What is the weather in Galapagos like?
The Galapagos Islands are a year-round vacation option. Regulated by the coming together of cold water currents from the west and south (mainly the Humboldt Current) and warm water streams from the north (mainly the Panama Stream and El Niño current), the Galapagos archipelago has an uncharacteristically dry and moderate climate for the tropics and is generally classified as sub-tropical. The weather is considered equatorial and is characterized by two main seasons:
December to May is considered the "warm season". During this warmer season, the Galapagos' climate is more tropical with only occasional showers and sunny skies. The sea is at its warmest and is usually calmer at this time of year.
June to November is generally called the "dry season" which is known for its blue skies and mid-day showers. Air temperature is lower, with highs in the upper 70s or mid-80s (25-30 degrees Celsius). The strong Antarctic Humboldt Current, coming from the south, affects the climate at this time of year. The water temperature, therefore, is at its coolest, about 68 degrees Fahrenheit, 20 degrees Celsius. During some years the infrequent El Niño current may cause a much greater flow of warm waters, making the surface warmer and increasing rainfall.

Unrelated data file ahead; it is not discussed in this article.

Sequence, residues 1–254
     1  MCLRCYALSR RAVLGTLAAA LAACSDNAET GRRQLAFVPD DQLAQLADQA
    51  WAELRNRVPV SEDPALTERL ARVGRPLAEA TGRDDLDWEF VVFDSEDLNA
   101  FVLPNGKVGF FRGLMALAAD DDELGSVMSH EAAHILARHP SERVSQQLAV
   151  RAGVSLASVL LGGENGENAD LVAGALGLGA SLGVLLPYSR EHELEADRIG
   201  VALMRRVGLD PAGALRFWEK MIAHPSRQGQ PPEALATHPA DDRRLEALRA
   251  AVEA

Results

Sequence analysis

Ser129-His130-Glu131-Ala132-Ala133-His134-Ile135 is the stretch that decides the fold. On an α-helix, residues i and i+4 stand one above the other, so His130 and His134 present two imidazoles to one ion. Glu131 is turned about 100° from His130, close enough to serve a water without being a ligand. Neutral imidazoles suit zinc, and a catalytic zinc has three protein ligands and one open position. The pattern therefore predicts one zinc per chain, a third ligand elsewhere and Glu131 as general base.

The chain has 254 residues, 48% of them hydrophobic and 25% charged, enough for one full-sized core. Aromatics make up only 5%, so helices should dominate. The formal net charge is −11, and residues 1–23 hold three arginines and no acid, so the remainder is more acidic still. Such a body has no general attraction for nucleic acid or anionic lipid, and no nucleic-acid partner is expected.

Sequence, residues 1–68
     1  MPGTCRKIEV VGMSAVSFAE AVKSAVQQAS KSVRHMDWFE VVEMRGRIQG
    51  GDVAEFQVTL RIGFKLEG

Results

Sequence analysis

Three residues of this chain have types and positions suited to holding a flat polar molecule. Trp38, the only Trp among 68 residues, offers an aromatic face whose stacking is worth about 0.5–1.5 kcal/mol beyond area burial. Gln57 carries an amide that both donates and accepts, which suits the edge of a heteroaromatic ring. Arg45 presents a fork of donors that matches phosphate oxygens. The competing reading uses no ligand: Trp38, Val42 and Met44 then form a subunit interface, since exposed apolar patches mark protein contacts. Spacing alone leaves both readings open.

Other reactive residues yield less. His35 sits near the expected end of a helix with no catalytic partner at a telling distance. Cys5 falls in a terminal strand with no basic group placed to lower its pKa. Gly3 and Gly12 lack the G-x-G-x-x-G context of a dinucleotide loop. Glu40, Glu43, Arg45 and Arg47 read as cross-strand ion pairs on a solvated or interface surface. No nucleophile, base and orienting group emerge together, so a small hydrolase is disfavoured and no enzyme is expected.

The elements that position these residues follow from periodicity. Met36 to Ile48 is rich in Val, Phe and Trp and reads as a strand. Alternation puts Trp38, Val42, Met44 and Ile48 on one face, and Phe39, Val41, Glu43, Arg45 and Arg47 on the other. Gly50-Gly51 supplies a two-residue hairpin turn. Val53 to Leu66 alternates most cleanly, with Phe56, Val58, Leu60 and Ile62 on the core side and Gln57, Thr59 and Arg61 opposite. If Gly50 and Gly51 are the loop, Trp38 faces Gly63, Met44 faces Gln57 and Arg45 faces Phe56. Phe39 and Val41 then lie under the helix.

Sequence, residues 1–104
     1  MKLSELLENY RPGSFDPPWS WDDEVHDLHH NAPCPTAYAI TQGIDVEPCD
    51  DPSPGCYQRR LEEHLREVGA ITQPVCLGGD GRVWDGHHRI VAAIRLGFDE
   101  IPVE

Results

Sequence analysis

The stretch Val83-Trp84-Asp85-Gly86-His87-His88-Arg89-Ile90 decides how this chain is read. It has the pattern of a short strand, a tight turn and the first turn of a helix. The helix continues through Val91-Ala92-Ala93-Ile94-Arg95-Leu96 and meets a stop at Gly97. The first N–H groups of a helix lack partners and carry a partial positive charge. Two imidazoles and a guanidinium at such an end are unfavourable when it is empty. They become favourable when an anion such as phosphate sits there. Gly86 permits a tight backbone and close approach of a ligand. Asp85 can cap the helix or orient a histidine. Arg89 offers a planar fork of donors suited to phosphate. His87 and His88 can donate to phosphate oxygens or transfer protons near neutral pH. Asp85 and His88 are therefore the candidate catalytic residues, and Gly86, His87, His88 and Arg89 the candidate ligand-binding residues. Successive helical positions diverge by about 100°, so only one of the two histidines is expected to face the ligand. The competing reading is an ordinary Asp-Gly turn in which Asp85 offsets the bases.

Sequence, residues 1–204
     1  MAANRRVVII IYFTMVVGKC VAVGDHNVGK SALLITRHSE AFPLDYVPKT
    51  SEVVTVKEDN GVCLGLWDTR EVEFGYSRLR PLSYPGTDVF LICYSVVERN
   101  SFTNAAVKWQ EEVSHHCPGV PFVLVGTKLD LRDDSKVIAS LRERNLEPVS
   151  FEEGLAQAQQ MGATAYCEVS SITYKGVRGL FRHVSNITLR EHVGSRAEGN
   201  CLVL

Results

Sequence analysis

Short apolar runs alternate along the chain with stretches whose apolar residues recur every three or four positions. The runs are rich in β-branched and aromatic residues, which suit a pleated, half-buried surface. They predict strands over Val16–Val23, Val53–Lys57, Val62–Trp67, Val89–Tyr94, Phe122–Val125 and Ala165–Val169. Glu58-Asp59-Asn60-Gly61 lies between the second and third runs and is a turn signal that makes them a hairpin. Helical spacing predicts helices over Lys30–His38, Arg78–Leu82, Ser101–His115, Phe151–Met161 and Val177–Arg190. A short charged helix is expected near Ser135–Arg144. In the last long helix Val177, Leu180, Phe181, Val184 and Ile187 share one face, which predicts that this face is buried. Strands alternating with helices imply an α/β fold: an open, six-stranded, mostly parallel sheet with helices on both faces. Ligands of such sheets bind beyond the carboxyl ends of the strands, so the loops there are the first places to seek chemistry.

So there isn't really a best time to visit Galapagos, meaning a wider choice of boat and itinerary options for travelers that can fit in with your schedule.
June to November
Air temp: 70F to 80F (21C to 27C)
Sea temp: 65F to 75F (18C to 24C)
December to May
Air temp: 80F to 90F (27C to 32C)
Sea temp: 70F to 80F (21C to 26C)
Important Advice: Sea breezes in the Galapagos make for a marvellous climate, but don’t be fooled into lying out in the sun without full protection. What you can easily get away with in the southern United States you will pay for on the equator in the form of serious sunburn. Always wear sun protection, including a hat to shield the top of your head and face as well as sunglasses and light, loose clothing. Use waterproof sunscreens with an SPF rating of at least 15, higher if you have light skin or burn easily. Take a bottle with you everywhere, and remember to apply it all over, including less obvious places like the tops of your feet and ears. We also suggest bringing a bottle of high-quality aloe vera gel. All these recommendations also apply to the Ecuadorian mainland, including the Amazon. Being at altitude can also contribute to terrible sunburn for the unwary. The bottom line: please bring plenty of sunscreen for your visit to Ecuador and Galapagos!